“All the music culture that’s come into Memphis has come in here from poor whites and poor blacks,” said Judd Phillips, record producer, in 1979. “I think we need to take into consideration that poor whites and poor blacks came in here looking for jobs… and they were singing their hearts out. It’s not there in Chicago, or New York, or on the West Coast. It came from right here in the melting pot of human suffering.”
“These untrained musicians in the Mid-South, from the delta of Mississippi, the delta of Arkansas, west Tennessee, southeast Missouri, northwest Alabama—you had a combination of country people,” said Sam Phillips, founder of Sun Records, brother of Judd. “I mean really country musicians, amateur musicians, black and white, the likes of which no other section in this land had.”
Delta songsmiths “created a sound out of the way they lived and their backgrounds and their roots,” said Al Bennett, recording magnate reared on a farm in northeast Arkansas. “I don’t think it was designed.”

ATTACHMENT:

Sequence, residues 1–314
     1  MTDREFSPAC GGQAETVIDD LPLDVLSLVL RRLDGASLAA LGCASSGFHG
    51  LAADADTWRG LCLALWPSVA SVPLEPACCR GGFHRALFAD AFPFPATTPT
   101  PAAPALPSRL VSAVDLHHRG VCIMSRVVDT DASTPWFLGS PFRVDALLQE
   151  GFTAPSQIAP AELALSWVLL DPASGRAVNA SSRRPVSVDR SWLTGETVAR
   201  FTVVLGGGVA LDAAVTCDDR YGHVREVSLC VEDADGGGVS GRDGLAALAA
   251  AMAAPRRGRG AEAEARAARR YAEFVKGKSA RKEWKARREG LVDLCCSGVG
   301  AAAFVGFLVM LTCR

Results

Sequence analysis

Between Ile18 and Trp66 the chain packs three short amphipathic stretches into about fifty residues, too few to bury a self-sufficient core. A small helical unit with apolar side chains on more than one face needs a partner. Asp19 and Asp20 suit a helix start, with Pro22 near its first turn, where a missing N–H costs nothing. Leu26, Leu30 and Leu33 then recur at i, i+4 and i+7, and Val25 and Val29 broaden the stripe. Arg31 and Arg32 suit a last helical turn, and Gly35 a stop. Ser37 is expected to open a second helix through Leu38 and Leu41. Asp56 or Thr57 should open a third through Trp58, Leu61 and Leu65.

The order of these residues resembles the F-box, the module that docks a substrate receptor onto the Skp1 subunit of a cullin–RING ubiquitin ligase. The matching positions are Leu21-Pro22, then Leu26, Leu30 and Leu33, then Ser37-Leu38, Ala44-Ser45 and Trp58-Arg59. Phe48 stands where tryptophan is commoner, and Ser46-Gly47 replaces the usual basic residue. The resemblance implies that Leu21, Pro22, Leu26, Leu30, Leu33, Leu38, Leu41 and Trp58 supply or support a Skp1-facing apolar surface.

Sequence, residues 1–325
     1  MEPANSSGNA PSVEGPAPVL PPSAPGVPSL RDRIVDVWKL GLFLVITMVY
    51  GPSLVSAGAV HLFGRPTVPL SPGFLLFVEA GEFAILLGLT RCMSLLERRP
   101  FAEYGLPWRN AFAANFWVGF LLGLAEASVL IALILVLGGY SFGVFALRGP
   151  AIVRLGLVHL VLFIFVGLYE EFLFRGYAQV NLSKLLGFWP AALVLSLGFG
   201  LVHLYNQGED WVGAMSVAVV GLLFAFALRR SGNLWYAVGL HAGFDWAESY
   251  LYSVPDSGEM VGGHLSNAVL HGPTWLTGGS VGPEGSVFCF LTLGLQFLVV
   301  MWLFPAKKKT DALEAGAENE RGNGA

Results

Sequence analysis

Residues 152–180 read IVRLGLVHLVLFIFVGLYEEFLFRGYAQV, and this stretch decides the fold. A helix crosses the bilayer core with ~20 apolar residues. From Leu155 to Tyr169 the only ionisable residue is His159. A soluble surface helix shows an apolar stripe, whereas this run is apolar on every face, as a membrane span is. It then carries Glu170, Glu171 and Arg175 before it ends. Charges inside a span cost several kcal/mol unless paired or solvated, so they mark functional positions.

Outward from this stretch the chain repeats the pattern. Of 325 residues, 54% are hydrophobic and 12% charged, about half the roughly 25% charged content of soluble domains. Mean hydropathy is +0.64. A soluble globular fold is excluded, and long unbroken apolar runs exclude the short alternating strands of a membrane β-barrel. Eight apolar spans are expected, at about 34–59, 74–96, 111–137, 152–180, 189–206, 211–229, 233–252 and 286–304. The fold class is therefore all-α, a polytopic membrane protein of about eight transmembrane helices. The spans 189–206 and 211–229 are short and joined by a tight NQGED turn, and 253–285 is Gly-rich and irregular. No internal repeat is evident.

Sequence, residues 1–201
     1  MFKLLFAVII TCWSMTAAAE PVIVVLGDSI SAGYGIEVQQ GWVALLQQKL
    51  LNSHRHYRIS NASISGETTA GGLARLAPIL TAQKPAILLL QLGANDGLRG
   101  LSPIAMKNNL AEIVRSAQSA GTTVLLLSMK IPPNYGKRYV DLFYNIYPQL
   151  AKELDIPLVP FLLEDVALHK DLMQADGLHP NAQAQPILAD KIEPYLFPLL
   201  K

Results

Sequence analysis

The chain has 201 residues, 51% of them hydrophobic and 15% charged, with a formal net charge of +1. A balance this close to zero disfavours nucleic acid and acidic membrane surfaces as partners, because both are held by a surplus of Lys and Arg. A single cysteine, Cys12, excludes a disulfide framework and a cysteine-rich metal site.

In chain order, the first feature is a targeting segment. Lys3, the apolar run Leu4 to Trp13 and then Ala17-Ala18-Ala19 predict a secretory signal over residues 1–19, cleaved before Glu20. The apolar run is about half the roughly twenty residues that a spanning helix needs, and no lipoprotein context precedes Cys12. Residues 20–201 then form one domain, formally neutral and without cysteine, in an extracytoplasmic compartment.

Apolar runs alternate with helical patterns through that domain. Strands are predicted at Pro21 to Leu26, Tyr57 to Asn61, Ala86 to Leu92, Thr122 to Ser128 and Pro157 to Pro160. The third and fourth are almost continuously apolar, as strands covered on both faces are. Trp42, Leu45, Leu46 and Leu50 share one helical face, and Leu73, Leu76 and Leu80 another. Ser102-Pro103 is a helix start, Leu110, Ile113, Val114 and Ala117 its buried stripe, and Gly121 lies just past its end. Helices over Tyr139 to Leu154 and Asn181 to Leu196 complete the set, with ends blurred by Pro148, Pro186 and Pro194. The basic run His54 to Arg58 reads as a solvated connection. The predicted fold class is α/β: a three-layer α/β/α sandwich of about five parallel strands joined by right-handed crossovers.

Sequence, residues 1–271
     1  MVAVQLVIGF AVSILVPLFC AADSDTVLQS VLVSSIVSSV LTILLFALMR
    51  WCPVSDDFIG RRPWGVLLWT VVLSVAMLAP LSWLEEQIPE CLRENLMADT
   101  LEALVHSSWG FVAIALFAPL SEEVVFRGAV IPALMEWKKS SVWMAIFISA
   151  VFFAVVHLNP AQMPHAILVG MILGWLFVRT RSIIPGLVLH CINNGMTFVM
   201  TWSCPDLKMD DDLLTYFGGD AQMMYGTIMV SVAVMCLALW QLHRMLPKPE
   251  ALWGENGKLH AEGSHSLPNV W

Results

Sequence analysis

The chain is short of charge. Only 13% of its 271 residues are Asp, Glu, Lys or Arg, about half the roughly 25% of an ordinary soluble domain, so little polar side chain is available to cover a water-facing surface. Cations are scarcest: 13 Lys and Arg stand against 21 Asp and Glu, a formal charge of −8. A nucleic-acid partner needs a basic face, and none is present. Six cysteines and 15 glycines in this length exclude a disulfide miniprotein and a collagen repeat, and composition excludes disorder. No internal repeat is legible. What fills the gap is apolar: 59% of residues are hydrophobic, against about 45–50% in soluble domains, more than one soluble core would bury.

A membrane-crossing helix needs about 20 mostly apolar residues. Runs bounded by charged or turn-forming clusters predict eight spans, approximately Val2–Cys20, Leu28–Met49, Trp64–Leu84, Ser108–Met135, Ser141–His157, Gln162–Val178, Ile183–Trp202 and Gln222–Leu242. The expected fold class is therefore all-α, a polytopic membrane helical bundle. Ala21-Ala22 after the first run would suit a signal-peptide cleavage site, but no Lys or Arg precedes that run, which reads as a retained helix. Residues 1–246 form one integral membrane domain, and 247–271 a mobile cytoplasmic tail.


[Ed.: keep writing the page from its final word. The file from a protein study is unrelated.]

“There are two choices in Arkansas…,” said singer Ronnie Hawkins, founding member of The Hawks. “You either pick cotton for three or four dollars a day, or you can play music and get out. So there’s an awful lot of people trying to pick guitars in that area.”
As a boy Johnny Cash helped his family clear tangled swampland for a meager farm at Dyess, Ark., with floodwater the perennial threat. Cash believed the experience translated later for his music, attracting wide audience. “When you work close to the earth on some poor dirt farm… you learn to understand the basic things about love and hate and what people want from life,” Cash observed.
“I think the Mississippi delta was just as fertile to American culture as the delta was in ancient Egypt,” said author Nick Tousches, biographer of Jerry Lee Lewis, in 1994. “It was where black people heard the white man’s music and made something new out of it. It was where the white man heard the black man’s music. And people say the blues came from Africa; well, I think they really came from the Deep South.”
Author Rose Marie Kinder heard lyricism in everyday delta expressions. The language of her native southeast Missouri “differs from anywhere else in the state or country,” Kinder said. “It’s subtle, perhaps, but you’ll know the true southeast Missouri vernacular when you hear it. It’s not Southern inflection, not just metaphor and certainly not just colloquialisms. It’s wit and pacing and sharp, apt observation.”